​If finding a phenomenal deal gives you a thrill—even a high—you may be what researchers at San Francisco State term a "sport shopper."

Not to be confused with shoppers who simply want a bargain, "sport shoppers are not looking for a deal to save money, but rather are more interested in outsmarting the retail system," explains Kathleen O'Donnell, Ph.D., professor of marketing at San Francisco State University.

Dr. O'Donnell has published research on sport shopping, along with SFSU's Judi Strebel, Ph.D., chair of the marketing department and Dr. Gary Mortimer of the Queensland Univeristy of Technology in Australia.

Just as with team athletics, sport shoppers are competitors; they don't enjoy all shopping, in fact—just the thrill of the hunt for "exceptional bargains on specifically desired items," write O'Donnell and her fellow authors in research published in the January 2016 issue of the Journal of Retailing and Consumer Services.

For sport shoppers, "every day is a treasure hunt," notes O'Donnell.

Using a combination of discounts (promo codes, coupons), credit card reward points, sales, and other strategies, sport shoppers compete against the retail system to purchase items at the lowest price possible, she says.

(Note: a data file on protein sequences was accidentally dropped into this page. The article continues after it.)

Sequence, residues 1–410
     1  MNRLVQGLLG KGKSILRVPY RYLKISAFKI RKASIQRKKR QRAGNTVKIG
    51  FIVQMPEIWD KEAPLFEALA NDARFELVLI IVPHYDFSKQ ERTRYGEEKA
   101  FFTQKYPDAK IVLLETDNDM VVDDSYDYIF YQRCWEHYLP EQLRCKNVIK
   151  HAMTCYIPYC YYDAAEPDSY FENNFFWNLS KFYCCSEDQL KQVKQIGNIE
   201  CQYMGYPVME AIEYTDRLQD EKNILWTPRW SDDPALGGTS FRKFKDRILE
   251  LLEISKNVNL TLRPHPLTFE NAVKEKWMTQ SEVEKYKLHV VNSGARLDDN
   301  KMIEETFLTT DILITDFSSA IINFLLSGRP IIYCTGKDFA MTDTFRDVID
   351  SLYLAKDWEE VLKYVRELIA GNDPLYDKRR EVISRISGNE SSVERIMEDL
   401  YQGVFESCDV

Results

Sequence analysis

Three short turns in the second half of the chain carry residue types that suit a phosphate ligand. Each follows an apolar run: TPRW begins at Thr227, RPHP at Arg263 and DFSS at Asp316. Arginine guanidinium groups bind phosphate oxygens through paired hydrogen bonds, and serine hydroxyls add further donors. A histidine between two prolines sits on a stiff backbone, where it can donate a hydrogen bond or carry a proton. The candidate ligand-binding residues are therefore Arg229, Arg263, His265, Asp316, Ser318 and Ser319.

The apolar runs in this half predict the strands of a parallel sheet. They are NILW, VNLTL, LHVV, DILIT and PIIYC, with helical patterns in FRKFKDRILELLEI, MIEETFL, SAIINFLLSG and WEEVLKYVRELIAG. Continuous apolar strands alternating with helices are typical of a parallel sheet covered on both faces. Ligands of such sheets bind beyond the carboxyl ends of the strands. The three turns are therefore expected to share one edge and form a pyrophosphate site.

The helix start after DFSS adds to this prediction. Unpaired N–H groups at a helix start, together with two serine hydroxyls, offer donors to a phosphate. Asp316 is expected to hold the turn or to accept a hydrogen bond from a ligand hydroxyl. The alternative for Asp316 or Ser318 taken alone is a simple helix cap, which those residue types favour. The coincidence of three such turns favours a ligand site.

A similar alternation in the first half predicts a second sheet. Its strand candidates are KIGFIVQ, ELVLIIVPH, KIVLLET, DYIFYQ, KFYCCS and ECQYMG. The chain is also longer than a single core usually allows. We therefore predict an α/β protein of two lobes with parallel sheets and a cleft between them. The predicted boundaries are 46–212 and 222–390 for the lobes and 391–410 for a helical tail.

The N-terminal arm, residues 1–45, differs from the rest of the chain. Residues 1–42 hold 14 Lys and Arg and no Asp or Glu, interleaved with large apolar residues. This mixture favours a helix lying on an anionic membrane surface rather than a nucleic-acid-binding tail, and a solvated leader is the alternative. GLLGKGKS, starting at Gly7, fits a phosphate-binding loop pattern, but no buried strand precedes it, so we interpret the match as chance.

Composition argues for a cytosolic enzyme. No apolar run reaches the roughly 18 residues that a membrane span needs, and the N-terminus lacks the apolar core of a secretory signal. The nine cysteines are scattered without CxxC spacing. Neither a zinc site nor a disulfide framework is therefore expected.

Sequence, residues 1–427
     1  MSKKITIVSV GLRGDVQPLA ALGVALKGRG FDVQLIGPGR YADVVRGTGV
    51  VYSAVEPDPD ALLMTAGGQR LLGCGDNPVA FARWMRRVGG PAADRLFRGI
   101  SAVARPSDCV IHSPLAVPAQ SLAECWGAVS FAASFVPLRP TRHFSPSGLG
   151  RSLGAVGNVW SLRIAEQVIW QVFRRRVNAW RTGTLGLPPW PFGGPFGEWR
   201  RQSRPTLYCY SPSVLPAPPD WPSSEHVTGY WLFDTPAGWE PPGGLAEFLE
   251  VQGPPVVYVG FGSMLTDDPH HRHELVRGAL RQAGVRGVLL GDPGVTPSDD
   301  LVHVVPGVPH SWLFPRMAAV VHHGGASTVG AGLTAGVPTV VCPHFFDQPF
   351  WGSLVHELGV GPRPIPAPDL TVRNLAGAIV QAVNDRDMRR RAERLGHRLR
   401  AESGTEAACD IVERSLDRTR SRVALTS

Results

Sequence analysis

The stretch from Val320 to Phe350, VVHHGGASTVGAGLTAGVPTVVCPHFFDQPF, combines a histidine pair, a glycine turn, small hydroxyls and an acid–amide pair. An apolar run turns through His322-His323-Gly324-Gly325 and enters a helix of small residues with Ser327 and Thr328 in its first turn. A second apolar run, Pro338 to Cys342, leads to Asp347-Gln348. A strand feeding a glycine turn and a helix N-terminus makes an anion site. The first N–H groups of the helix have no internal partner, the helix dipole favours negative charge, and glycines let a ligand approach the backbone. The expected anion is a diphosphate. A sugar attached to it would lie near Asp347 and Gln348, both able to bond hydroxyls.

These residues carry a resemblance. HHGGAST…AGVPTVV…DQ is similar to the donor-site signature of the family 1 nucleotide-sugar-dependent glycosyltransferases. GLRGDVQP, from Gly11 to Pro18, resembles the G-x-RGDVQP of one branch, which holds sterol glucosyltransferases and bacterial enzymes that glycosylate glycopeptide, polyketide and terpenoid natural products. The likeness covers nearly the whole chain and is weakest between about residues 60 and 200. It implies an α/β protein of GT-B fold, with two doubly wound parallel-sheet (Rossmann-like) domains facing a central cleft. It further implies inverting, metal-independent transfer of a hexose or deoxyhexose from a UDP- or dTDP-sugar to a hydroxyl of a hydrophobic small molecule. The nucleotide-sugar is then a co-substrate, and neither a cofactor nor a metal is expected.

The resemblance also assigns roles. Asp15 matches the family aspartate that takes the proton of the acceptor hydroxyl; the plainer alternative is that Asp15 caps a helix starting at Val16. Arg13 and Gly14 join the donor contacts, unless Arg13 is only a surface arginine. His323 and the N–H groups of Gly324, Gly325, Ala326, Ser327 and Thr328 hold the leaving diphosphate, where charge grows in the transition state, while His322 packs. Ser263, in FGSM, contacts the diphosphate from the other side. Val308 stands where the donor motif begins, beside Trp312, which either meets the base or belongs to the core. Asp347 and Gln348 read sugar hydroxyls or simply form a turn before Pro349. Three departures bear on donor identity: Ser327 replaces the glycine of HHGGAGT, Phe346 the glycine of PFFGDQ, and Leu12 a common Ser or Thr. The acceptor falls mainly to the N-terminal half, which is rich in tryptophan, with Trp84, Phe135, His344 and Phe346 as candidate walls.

Does this sound like you or someone you know?  Here are four signs you may be a sport shopper:

1. You love sharing about your purchases. You also have a great memory for the details of the bargains you got; they weren't just great deals, but victories. Because you enjoy talking about your experiences, you've been able to influence others to shop at certain stores.

2. You're disappointed if you have to pay full price. Sometimes, a discount isn't enough. You prefer to combine sales and reward points to maximize your savings.

3. You're open to any option, such as buying out-of-season, if it means you'll get a great deal. You also don't mind postponing gratification. For example, if you know you might be able to buy an item you've been eyeing at a much lower price in the future, you're willing to wait.

4. You don't need to actually buy anything. This is a big difference between sport shoppers and compulsive shoppers, notes O'Donnell. While browsing, sport shoppers scope out what's in the store and its layout, find out when new merchandise is coming in, and more. When it comes time to buy, they have a strategy to get an amazing deal.